right now, you know, my boss, my second in command, my nephew, my senior nurse, second senior nurse. >> whitaker: the people you just mentioned have all fallen ill from covid-19? >> dr. teperman: yes. yes. and some of them are quite sick. >> whitaker: doctor teperman and his colleagues are repeatedly exposed. he told us he sees the virus in hot zones around the hospital. >> dr. teperman: i'm speaking metaphorically that i see the virus. it's also a protective mechanism. there are moments in the hospital, you know, where the virus conceivably is pluming into the air because a procedure is being done that creates an aerosolizing of the virus. i mean, that's just a fact. those are the true n95 moments. >> whitaker: n-95's are the coin of the realm in this crisis- respirator masks that filter 95% of arn just as important though, are
the gloves, gowns, goggles, face shields, surgical masks, all p.p.e. designed to be discarded after every encounter with an infected patient. do you have enough masks? >> kelley cabrera: no. >> whitaker: do you have enough face shields? >> cabrera: no. >> whitaker: gowns? >> cabrera: no. >> whitaker: kelley cabrera is an emergency room nurse at jacobi... >> cabrera: we want to help our patients, and we want to do it safely. >> whitaker: who led a protest to draw attention to the lack of p.p.e. at hospitals nationwide. the problem has gotten so bad there's a hashtag-- #getmep.p.e.-- on twitter with posts like, "i'm a physician at a new york city hospital and this is the p.p.e. i was just handed for my shift." a yankee souvenir rain poncho. >> cabrera: look, my neck is exposed, i'm wearing a reused mask. i have another one covering it. >> whitaker: cabrebra has been filming video diaries, but says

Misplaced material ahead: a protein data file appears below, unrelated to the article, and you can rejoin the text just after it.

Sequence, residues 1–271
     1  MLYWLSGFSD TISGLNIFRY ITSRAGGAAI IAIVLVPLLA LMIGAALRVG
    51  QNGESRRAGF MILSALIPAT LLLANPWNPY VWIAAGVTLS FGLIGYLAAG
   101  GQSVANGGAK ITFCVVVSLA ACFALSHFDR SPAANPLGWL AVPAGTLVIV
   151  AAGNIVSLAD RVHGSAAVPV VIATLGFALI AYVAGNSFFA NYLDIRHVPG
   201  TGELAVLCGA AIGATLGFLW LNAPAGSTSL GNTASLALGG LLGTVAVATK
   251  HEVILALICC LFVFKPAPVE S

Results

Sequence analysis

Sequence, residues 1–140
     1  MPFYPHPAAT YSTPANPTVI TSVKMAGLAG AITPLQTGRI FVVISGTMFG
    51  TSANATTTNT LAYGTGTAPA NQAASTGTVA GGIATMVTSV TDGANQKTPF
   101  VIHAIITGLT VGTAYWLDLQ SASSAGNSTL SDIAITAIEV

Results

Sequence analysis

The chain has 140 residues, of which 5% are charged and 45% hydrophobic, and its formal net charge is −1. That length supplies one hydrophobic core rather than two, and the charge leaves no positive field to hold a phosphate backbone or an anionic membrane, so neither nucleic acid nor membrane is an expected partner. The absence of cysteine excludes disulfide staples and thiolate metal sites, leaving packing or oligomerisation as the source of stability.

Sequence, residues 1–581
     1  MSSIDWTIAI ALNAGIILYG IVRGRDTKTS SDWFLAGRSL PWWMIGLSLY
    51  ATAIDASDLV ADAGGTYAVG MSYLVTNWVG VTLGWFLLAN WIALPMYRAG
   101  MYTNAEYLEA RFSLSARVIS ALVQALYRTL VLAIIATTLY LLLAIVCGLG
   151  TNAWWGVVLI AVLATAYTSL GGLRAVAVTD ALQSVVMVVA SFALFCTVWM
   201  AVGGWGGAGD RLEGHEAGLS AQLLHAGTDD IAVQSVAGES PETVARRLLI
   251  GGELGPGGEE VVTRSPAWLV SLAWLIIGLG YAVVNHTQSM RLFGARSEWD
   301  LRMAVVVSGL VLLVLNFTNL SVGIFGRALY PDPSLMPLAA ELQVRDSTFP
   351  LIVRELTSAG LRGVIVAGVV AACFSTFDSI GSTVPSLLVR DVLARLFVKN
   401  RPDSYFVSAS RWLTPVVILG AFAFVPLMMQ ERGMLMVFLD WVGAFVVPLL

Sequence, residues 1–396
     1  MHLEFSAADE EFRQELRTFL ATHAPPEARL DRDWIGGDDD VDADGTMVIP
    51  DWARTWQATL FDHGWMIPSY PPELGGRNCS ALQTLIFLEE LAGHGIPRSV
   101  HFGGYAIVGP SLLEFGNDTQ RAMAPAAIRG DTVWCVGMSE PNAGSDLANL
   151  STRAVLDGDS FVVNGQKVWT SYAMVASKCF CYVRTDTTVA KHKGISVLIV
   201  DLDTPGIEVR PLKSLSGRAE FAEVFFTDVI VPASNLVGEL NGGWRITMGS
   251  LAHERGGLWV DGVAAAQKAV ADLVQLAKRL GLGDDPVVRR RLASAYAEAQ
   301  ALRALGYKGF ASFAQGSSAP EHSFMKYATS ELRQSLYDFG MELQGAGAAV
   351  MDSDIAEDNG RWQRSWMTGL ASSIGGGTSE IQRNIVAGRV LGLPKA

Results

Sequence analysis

she's speaking out reluctantly. we conducted the interview remotely. >> cabrera: every health care worker infection, every health care worker death is preventable. >> whitaker: how do you feel about going into work every day? are you safe? >> cabrera: no. absolutely not. if you do a simple google search, look at what other countries are wearing in comparison to us. i mean, it makes, i mean, it makes sense that we're getting infected. how could we expect not to? >> whitaker: more than 900 doctors and nurses in boston have tested positive for covid-19, yet, as of last week in hong kong, where masks are not reused, there were no reported infections of hospital workers. >> cabrera: prior to this, prior to coronavirus, we would have been reprimanded for doing the things that we're doing now. we're walking around with medical waste from room to room, from patient to patient. >> whitaker: did i hear you say, you're walking around from room